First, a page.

HPV vaccine to prevent cancer: A pediatrician’s recommendation
Human papillomaviruses account for nearly 40,000 new cases of cancer every year. Most HPV-related cancers are preventable with a vaccine, and yet the United States has relatively low vaccination rates, according to the Centers for Disease Control & Prevention.
The UC Davis Comprehensive Cancer Center announced Thursday it is partnering with 69 National Cancer Institute centers to urge HPV vaccination and screenings, the center said in a press release.
“We know that vaccination against HPV saves lives by preventing many kinds of cancers, including cervical cancer,” said Primo Lara Jr., a medical oncologist and director of the UC Davis Comprehensive Cancer Center. “Health care providers are essential in recommending immunization, and parents can help us, too, by asking their doctors about vaccination.”
HPV is spread during sex and is the most common sexually transmitted infection in the U.S., according the National Cancer Institute.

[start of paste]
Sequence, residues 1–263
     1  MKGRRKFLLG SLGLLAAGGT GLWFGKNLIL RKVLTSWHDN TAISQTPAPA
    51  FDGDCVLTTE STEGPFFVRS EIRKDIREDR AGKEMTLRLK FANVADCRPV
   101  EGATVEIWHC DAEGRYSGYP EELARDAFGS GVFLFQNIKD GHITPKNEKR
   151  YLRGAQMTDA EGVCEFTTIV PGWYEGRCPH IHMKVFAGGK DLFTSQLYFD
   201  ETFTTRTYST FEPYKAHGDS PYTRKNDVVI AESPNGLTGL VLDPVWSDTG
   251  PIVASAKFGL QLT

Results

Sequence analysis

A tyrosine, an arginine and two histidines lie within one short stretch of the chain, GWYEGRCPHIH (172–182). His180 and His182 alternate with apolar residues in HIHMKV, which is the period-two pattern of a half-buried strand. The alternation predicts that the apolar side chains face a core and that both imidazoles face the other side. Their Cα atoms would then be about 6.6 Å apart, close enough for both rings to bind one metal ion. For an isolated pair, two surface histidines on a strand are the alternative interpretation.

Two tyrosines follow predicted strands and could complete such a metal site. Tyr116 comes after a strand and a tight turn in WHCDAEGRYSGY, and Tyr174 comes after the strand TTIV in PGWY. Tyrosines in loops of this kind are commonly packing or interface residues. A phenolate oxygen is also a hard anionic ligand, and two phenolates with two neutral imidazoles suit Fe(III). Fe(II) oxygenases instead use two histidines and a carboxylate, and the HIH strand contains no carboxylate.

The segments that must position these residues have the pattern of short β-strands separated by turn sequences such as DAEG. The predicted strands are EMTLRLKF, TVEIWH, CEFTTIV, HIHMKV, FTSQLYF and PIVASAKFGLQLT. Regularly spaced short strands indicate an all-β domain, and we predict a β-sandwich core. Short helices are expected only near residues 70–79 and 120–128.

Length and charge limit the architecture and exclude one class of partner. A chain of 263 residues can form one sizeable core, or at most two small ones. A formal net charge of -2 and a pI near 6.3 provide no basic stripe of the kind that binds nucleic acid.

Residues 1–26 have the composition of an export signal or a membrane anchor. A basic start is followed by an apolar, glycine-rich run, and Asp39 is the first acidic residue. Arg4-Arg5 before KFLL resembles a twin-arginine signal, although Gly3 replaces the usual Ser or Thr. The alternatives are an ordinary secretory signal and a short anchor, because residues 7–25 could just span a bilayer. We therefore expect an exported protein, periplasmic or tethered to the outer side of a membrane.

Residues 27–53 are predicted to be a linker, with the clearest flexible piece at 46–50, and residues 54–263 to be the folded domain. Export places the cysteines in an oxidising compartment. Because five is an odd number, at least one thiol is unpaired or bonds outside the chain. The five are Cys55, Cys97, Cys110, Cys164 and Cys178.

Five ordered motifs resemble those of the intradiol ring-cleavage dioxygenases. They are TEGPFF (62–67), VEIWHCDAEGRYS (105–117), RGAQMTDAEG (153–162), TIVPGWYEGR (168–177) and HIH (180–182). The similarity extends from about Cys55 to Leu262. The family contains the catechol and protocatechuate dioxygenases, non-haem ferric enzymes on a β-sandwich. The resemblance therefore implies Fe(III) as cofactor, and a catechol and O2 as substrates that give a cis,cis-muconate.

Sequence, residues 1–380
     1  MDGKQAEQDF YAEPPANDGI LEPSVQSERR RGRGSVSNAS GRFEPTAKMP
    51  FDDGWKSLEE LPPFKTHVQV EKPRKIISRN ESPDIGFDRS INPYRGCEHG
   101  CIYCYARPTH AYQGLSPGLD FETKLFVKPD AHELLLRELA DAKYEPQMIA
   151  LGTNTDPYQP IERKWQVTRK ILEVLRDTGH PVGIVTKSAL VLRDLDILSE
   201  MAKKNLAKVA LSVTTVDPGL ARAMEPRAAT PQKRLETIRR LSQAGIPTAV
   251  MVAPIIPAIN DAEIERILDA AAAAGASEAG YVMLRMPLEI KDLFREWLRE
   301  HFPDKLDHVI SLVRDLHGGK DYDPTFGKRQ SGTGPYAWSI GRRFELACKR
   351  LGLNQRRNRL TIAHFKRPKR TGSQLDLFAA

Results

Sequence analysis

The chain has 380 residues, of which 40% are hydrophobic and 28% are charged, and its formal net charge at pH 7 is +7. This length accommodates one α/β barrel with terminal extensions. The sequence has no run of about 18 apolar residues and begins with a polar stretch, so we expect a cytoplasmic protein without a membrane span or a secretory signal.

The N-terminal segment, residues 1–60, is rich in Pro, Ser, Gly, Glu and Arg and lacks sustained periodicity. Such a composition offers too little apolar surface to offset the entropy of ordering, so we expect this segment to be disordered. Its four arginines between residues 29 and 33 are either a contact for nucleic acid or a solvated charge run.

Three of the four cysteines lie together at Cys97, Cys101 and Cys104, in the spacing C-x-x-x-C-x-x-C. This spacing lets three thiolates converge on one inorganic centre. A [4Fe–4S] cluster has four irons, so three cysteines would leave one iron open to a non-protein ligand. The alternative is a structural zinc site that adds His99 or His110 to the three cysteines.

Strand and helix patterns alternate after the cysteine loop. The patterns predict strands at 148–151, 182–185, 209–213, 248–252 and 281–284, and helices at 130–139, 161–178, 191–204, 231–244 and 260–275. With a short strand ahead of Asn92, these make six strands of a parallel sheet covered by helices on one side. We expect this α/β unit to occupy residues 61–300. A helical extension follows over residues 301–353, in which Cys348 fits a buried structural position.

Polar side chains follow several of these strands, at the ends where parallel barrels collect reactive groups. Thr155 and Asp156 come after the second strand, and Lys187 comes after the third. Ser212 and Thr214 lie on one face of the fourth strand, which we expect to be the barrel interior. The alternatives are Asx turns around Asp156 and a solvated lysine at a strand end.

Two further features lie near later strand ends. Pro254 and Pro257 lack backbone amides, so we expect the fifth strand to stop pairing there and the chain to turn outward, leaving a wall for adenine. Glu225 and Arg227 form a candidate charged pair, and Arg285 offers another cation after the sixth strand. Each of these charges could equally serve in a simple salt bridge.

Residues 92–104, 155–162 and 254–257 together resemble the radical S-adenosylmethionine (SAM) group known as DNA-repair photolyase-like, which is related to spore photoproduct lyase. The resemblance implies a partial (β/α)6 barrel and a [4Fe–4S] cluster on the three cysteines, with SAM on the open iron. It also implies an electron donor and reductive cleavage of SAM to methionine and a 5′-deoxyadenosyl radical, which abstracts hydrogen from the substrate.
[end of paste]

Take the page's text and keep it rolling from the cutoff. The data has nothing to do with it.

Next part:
About half of all infections are with a type of the virus that has a high risk of cancer, the Institute said.
HPV can cause cervical cancer, anal cancer, vaginal cancer, penile cancer and oropharyngeal cancers, which develop in the throat.
The CDC recommends all children complete the series of vaccines between the ages 9 and 13. The vaccine is also recommended for men up to age 21 and women up to age 26.
In the United States, 49.5 percent of girls and 37.5 percent of boys have completed the HPV vaccine series, according the CDC. The Department of Health and Human Services has set a goal of reaching 80 percent vaccination rate by 2020.
In recent years, UC Davis Health has launched programs to increase vaccination rates, it said in the release, including a survey of parents, health care professionals and county health departments in 13 counties to gauge attitudes toward the vaccinations.
The survey results showed “anti-vaccine sentiment, vaccine ability and clinic capacity problems” were barriers to vaccination.
They also reviewed state legislative efforts around HPV vaccination and found "large gaps" in HPV reporting.
A new project is working with Health and Life Organization, which runs a number of health clinics in the Sacramento region. It aims to increase cancer screening and vaccination for Asian Americans, who are disproportionately affected by cervical cancer.
“The United States has an unprecedented opportunity to not just prevent cancers caused by HPV but to eliminate them. This means getting to a point in time when cancers such as cervical cancer are no longer diagnosed in our country,” said Anna R. Giuliano, HPV expert and director of the Center for Infection Research in Cancer at Moffitt Cancer Center, in a statement.
Molly Sullivan: 916-321-1176, @SullivanMollyM